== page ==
Teachers who excel in organization maintain an orderly classroom free of distractions, with all the required materials needed for students in an easily accessible place. By being organized, teachers become better at time management and can efficiently teach all the subject areas of their lesson plans.

4

Leadership

Teachers are often naturally perceived as leaders by their students and therefore need to display strong leadership skills in the classroom. Commanding the attention of a classroom can be a challenge so being a strong leader makes it easier for students to learn and avoid distraction.

5

Teamwork

Teamwork is a skill that helps teachers collaborate with colleagues, administrators and parents when developing the school’s curriculum and classroom practices for students. Therefore, working as a united team with a common goal is crucial, especially in the childhood education field.

6

Technical Expertise

Schools are incorporating technology into the classroom, so teachers need to be highly skilled with various forms of technology from at-home learning tools and message boards to incorporating digital media into the classroom.

7

Conflict resolution

A teacher with strong conflict resolution skills has patience and works to lessen conflict while also getting students to cooperate.

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Structure of a Teacher CV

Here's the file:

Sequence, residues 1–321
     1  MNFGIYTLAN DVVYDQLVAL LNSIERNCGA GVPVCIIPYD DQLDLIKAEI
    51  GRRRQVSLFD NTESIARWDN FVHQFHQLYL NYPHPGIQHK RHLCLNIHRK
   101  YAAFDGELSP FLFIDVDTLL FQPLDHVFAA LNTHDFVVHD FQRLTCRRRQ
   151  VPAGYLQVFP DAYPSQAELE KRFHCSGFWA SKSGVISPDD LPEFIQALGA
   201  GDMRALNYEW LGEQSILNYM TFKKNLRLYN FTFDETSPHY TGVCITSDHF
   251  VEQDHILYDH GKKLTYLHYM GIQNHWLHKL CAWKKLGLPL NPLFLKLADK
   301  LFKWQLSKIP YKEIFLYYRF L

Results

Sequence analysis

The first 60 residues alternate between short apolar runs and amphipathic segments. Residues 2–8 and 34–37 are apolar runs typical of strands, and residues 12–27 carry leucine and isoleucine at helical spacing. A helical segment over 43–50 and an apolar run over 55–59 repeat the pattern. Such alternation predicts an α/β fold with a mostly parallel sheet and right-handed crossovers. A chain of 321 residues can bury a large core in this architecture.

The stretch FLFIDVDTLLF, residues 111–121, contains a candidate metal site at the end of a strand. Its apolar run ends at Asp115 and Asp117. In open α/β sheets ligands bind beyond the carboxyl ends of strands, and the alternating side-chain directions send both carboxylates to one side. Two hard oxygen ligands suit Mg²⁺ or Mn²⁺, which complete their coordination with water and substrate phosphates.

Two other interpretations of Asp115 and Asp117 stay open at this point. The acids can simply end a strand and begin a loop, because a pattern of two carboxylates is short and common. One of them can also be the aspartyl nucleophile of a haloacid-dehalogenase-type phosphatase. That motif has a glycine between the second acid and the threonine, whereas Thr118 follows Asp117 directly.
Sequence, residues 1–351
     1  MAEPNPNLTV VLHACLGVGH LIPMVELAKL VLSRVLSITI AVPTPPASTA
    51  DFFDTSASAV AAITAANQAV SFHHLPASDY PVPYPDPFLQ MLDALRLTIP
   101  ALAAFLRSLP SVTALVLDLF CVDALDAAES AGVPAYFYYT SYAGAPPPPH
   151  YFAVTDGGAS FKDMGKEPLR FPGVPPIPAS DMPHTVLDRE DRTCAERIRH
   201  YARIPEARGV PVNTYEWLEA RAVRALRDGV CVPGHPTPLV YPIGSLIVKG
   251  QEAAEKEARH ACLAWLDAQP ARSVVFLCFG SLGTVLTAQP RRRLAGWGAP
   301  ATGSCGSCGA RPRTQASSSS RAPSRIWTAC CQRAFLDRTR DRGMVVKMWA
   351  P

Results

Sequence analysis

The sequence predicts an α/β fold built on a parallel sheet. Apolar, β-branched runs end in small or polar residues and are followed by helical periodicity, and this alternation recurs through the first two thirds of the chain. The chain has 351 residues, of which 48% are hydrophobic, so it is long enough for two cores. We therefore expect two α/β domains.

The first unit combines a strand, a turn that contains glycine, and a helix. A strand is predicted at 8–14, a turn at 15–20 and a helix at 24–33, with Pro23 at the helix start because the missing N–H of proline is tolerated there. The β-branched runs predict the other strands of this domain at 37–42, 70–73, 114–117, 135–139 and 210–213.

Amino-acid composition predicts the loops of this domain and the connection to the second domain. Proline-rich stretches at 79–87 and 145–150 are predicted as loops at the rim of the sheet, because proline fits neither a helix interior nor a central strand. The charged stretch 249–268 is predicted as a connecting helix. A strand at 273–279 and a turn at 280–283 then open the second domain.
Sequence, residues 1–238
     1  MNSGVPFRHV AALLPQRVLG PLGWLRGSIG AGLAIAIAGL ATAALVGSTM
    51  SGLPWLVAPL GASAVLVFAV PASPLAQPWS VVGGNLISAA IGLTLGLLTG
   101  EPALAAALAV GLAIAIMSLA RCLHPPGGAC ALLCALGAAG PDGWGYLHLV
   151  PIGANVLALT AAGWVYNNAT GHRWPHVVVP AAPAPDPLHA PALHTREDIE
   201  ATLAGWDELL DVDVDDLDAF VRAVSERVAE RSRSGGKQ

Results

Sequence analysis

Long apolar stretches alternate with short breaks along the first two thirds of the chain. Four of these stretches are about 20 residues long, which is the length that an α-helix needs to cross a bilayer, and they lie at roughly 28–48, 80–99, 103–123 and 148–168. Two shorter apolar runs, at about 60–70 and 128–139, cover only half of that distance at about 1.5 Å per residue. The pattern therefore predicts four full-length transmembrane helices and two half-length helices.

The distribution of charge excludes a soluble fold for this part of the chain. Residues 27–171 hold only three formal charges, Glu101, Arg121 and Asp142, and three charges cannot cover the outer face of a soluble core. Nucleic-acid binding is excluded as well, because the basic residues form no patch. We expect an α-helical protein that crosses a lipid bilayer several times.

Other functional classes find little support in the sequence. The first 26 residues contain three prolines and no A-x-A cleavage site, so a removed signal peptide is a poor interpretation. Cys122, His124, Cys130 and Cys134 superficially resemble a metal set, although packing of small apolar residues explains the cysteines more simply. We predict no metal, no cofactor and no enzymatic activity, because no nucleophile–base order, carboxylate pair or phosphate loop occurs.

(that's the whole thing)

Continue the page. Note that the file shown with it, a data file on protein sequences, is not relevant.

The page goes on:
CV or resume templates will help provide you with a strong appearance for your CV but you’ll need some insight into the structure of CV formats to write it more effectively. Here’s a rundown of the sections that should appear in a CV.

  • Contact Information: Clear and correct contact information is needed from every applicant including your full name and phone number. You can also add your social media links, such as your LinkedIn profile.
  • Objective Statement: In your resume objective statement, give an overview of your top career highlights relevant to the position. Describe your professional or academic specializations, key skills or relevant attributes and key achievements to show why you’re the ideal candidate.
  • Summary of Qualifications: This section should be focused on what you can offer to a potential employer by highlighting what makes you unique. You can also highlight your affiliations with any professional bodies or groups. Think of these as lengthier descriptions of the most important attributes that would otherwise belong on your skills list.
  • Core Qualifications/Key Skills: These sections should include technical or special skills that match up with the requirements of the job description. Here are some examples of teaching skills commonly listed:
    • Primary education
    • High school/secondary school education
    • Classroom management
    • Exam preparation
    • Lesson planning
    • Interpersonal skills
    • Motivating pupils